Draft imagining of an engaged Plum Village sangha blending "Beloved Community Circles", Wake Up, and BIPOC sangha aspirations

I rest in a forest of trees of every kind – oaks, manzanitas, tall pines, redwoods – all aspiring to the vast and open sky. Root systems, though not visible on the surface of this forest, are deeply interwoven, existing in symbiotic relationship with the insects, fungi, and rich, fertile soil. Some trees are young saplings or even sprouts, offshoots of older trees. Others have borne witness to this earth for many generations, their presence steady through genocide, war, and much suffering.

We humans are like this forest of trees. Our roots transmit the inheritance of our ancestors, grounding us in the lands and people from which we came. We cannot escape the suffering and happiness of our ancestors. Our trunk - stomach, chest, heart, stable and strong backs - hold many of our gifts. Our resilience, compassion, creativity, and intuition arise in our core. And our arms and minds open to the possibility of descendents. Not just blood descendents, inclusive of the many people and places we touch in our thoughts, speech, actions. Our descendents are everything that flows from us.

I imagine this gathering of trees, of people, in a community space that centers people of color, young practitioners, and those that reside for other reasons on the margins: LGBTQ+ folks, those differently abled, those with limited financial resources. Where shared responsibility and ownership is built into the fabric of the community: where each person offers their unique and wonderful gifts to the sangha with open arms. There is no need for hierarchy. Power dynamics are spoken of and distribution of decision-making is done with intention and care. We respond to ever-changing conditions with ease and letting go, making decisions that reflect the needs of the whole community.

The four tenets of the tree community

1. Shared responsibility = shared ownership.

When each sangha member has clear invitations to contribute and take responsibility, each member has ownership of the sangha. They are inspired to support the sangha with their creativity and gifts, building a space of wellbeing and care for all.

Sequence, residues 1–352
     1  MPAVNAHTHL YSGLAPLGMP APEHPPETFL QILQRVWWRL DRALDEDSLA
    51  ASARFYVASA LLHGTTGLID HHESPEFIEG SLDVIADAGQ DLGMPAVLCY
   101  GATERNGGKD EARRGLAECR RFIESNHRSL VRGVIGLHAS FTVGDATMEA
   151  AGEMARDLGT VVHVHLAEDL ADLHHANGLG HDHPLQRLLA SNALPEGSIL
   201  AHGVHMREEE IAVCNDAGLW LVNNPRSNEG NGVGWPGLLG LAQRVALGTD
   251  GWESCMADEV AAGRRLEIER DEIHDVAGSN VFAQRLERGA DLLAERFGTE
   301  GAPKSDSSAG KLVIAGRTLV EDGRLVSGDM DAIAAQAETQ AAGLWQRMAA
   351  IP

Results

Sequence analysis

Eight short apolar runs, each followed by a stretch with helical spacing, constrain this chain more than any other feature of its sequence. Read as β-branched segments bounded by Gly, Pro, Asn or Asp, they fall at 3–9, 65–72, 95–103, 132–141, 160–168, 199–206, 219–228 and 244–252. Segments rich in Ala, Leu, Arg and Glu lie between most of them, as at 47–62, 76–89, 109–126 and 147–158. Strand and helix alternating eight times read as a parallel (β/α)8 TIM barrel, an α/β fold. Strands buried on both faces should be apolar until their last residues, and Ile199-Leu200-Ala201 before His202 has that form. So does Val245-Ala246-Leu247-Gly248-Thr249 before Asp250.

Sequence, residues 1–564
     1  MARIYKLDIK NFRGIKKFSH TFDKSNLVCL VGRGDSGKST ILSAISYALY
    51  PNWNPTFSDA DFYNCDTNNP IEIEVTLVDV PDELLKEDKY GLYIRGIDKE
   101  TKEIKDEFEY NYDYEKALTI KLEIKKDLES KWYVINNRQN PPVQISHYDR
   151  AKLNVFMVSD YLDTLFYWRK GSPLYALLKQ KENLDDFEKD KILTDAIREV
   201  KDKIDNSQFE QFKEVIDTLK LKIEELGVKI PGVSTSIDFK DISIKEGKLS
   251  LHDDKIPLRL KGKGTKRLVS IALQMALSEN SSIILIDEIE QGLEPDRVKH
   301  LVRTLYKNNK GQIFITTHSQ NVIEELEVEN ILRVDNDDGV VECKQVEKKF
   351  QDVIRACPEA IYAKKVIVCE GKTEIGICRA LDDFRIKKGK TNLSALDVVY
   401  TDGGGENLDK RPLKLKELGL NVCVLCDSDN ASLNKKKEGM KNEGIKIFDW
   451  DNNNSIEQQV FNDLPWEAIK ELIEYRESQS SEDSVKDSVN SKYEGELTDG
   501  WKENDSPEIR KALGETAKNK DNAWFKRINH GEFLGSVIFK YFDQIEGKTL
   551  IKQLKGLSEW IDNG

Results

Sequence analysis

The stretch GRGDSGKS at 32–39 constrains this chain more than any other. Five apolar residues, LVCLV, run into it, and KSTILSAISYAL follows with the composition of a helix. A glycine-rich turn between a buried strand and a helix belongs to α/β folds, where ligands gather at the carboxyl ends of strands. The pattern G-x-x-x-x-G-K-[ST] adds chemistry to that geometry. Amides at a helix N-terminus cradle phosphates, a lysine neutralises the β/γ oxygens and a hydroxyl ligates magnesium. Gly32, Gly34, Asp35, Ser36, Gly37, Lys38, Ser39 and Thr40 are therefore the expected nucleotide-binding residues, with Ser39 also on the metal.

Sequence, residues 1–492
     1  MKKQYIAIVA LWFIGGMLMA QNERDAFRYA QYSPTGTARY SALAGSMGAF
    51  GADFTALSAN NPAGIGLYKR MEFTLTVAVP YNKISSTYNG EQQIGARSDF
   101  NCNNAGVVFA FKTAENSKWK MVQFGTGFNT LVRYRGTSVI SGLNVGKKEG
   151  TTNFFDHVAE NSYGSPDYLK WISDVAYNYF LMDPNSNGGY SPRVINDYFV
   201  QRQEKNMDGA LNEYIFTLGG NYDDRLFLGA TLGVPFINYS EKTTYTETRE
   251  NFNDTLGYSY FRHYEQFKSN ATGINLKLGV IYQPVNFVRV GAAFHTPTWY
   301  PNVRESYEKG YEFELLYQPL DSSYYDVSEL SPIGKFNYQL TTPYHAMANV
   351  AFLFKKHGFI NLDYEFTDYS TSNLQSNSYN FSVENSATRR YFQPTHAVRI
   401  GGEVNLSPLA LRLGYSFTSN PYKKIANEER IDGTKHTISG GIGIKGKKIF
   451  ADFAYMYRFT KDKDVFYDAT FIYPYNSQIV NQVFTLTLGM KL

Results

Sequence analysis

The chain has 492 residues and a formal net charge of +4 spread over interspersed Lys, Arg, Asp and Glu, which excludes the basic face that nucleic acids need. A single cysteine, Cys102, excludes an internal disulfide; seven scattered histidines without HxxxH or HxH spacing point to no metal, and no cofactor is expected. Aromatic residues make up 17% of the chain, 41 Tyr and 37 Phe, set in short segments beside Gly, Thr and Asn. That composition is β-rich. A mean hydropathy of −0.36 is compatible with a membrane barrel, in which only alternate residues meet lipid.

2. Clear interrogation of power.

Power dynamics are named and made visible to all members. Be mindful of how our space might default to dominant ways of being and acting, which empower some and limit the engagement of others. Define practices that facilitate a new and radically equitable path forward.

3. True inclusivity.

Explore a space where all are welcome and youthful and active presence are celebrated. Establish a stated commitment to 50% people of color in attendance, and 50% facilitation by people of color, LGBTQ+ folks, and other folks who may hold marginalized identities.

4. Community volunteering as shared practice.

Commitment to volunteer in the community on a monthly basis to cultivate the recognition of interbeing — not just within sangha but in relationship to the local community in which we live.

Additional brainstorming:

  • Above all, co-creation and shared ownership and responsibility
  • Encouraging the whole sangha to contribute, in facilitation or otherwise
  • Values of freshness, creativity, empowerment, interbeing, fun
  • “Youthful and fresh energy” without clear age requirements
  • Centering people of color, young people, LGBTQ+, those differently abled: 50% BIPOC membership and 50% facilitation by BIPOC (and others who we’d like to center)
  • Monthly volunteering (e.g., last Sunday of the month)
  • Bridging sanghas in San Francisco and the East Bay: Wake Up SF, New Gen, Hella Just
  • Letting go of hierarchies, stating all power dynamics that exist, being clear about intersectional identities (and acknowledging our privileges and challenges)
  • Loose ties to Beloved Community Circles initiative
  • Some commitment requested of sangha members: attendance, contributions, volunteering
  • oriented around healing and transformation, looking deeply at suffering in ourselves and in the world